|Saved by the Bell: Zack Morris was more technologically advanced than I am|
It's not what you're thinking.
I'm not one of "those people" -- some pretentious, snobby contrarian or weird anti-technology Luddite. Hey, I love technology. I have two laptops, a really nice flat-screen TV (with a BluRay player!), an 80GB iPod which I rely on daily, a Facebook account, at least three Twitter accounts, and a blog which I update more than is probably healthy. Heck, I've been posting stuff to the Internet before Google, Facebook, or Ebay even existed. (Seriously, check out that last link. It takes you to a bit of fan fiction I wrote almost 20 years ago. You can even see my old AOL address! And there's a much longer, more elaborate version here.)
In short, I'm not this guy:
In that sketch from the classic Mr. Show with Bob and David, David Cross' character (who shows up at the 1:10 mark) is a pompous, judgmental twerp who disdains all modern technology and carries a mini-Victrola around with him. That's not me.
But, no, I don't own a cell phone. Yes, I know how odd that is in 2012. But I have my reasons, and here they are.
- As I've mentioned before, I'm sort of a cheapskate. This has more to do with neurosis and personal insecurity than it does with money. I'm not rich by any means, but I could afford a cell phone. Still, the thought of one more monthly expense makes me queasy. Especially since....
- I hate talking on the phone. It's just an activity I do not and have never enjoyed. If you've spoken to me on the phone in the last five years, in fact, there's a good chance that I was playing Tetris the whole time and only partially listening to you. I apologize. But I just can't rationalize paying extra money to do something I hate. That's the way I am with driving, and I resent every last penny I have to spend on my car, which is why a recent $209 auto repair bill sent me into a mini-meltdown on Facebook last weekend. (Sorry, sis. Didn't mean to scare you.) But the real reason I don't own a cell phone is...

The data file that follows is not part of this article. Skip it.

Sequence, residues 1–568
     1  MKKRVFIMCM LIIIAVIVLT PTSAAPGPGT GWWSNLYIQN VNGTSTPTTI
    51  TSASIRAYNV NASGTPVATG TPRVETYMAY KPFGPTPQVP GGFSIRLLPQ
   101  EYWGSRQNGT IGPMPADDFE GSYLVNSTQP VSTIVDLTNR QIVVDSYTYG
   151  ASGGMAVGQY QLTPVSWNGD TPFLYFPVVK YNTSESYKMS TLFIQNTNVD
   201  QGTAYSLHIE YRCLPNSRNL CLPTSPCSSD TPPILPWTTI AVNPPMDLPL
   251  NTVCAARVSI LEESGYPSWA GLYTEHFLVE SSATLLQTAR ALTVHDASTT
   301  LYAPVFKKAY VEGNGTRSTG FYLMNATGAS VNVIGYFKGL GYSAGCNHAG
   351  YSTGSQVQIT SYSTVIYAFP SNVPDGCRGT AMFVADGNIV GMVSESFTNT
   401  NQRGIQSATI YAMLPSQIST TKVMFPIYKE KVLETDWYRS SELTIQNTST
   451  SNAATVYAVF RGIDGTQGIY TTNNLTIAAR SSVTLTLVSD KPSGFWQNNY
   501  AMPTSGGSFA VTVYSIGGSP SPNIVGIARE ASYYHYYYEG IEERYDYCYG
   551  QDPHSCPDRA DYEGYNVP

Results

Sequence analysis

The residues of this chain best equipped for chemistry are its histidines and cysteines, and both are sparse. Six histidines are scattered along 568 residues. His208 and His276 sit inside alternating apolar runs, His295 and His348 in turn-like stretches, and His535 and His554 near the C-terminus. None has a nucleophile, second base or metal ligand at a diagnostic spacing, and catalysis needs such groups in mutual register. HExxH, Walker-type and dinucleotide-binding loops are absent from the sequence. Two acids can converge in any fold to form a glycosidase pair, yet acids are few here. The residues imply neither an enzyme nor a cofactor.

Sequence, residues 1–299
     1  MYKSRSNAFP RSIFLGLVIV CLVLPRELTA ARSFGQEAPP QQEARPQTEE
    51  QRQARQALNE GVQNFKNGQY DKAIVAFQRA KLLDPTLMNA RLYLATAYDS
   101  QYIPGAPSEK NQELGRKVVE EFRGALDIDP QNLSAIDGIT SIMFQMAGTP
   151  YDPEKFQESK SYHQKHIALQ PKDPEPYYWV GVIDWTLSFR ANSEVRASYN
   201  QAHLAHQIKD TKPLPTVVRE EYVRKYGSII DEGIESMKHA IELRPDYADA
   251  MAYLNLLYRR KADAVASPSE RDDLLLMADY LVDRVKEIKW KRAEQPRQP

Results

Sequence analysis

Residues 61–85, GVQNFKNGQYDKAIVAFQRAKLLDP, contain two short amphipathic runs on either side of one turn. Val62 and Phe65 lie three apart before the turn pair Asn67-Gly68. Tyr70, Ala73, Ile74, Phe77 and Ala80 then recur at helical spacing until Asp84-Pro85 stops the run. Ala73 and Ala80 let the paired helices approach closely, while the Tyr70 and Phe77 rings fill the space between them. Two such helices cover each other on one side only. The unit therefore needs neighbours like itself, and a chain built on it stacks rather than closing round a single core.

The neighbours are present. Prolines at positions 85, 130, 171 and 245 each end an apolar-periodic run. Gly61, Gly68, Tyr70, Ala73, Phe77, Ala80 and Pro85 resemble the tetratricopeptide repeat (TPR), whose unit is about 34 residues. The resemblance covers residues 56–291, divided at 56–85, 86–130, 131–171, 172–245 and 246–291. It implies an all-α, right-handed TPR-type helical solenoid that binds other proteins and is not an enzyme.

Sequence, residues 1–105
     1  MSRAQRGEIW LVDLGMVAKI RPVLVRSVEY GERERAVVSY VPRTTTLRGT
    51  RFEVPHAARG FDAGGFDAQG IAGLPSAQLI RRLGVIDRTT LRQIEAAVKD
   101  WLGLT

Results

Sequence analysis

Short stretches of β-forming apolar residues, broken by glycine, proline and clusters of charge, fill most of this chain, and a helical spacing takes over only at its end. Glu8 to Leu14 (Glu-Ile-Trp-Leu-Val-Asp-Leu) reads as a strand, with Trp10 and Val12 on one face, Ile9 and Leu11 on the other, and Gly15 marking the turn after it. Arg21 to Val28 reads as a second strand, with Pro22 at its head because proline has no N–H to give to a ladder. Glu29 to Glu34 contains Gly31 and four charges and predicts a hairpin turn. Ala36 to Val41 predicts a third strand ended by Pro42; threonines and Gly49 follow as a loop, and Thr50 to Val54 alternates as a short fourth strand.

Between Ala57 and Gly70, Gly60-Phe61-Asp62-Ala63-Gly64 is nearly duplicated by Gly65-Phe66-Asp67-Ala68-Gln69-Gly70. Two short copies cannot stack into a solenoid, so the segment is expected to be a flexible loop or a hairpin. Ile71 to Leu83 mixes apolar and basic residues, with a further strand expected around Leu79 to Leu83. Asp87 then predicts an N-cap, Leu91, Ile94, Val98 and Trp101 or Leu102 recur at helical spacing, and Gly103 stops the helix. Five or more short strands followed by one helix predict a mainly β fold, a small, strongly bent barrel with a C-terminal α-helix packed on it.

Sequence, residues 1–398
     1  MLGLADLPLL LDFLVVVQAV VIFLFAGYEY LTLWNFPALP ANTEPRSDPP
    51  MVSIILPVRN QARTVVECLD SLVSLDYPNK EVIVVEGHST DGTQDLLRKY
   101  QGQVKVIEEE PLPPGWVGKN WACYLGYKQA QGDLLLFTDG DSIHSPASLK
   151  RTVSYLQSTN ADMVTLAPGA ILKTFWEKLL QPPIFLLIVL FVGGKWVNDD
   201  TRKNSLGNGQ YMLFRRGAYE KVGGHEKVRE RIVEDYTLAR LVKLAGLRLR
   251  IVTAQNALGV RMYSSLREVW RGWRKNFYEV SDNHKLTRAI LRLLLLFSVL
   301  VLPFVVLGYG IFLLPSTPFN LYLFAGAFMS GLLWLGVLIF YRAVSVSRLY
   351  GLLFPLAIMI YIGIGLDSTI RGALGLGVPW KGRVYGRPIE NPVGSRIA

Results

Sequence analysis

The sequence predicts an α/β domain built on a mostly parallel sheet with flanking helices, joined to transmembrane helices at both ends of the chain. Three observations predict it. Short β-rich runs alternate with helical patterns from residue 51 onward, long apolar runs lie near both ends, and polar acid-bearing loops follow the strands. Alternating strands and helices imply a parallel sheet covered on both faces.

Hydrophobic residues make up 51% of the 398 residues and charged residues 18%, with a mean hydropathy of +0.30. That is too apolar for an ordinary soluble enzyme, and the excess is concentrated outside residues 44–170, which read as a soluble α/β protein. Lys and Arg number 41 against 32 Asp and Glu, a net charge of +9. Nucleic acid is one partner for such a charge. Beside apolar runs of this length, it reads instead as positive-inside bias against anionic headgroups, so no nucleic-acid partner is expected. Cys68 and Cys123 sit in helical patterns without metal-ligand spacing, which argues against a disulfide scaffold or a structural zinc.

- I like the idea of being unavailable and unreachable sometimes. I realize that, as a depressed person, I've probably spent too much time isolating myself from the world. But you should know that, very often, I find great comfort and solace in solitude. I cherish my alone time. It's part of the reason why it's a blessing that I am not married and do not have children. As much as I sometimes long for human contact, I just can't tolerate being around people 24 hours a day. I don't even understand how people cope with having roommates, let alone family members, sharing their domiciles. That's why the holidays can be such a challenge for me. Look, I love my family. I just don't want to hang out with them non-stop for days on end. Not having a cell phone gives me the illusion that I can somehow "escape" the world or sidestep reality for a while. (I know that cell phones can be turned off or silenced, of course. But I'd still know it was there.) In short, I really identify with this song that British comedy legend Peter Cook performed in the 1967 movie Bedazzled.
"But, Joe," you might be thinking, "what if you get stranded or lost someplace and can't get to a phone?"
Believe me, it's happened. And it sucks. But I've obviously survived thus far. In some version of the future, I probably will break down and get a cell phone, likely one of those no-frills, pre-paid ones referred to slangily as "burners."
But for now, don't force the issue on me. Please. Thanks. In the meantime, check out this Beatles song. It was the first of George Harrison's compositions to actually wind up on one of the group's LPs, in this case their sophomore effort, With the Beatles.
P.S. While I'm in the mood for making confessions, here is a by-no-means complete list of pop culture phenomena with which I've failed (or not even tried) to keep up. Go easy on me, I beg you.
- Harry Potter
- The Sopranos
- The Wire
- Mad Men
- Breaking Bad
- Game of Thrones
- The Walking Dead
- Star Trek (all versions)
- Mad Men
- Buffy the Vampire Slayer
- The Hunger Games
- Superhero comics since the 1980s
- Japanese animation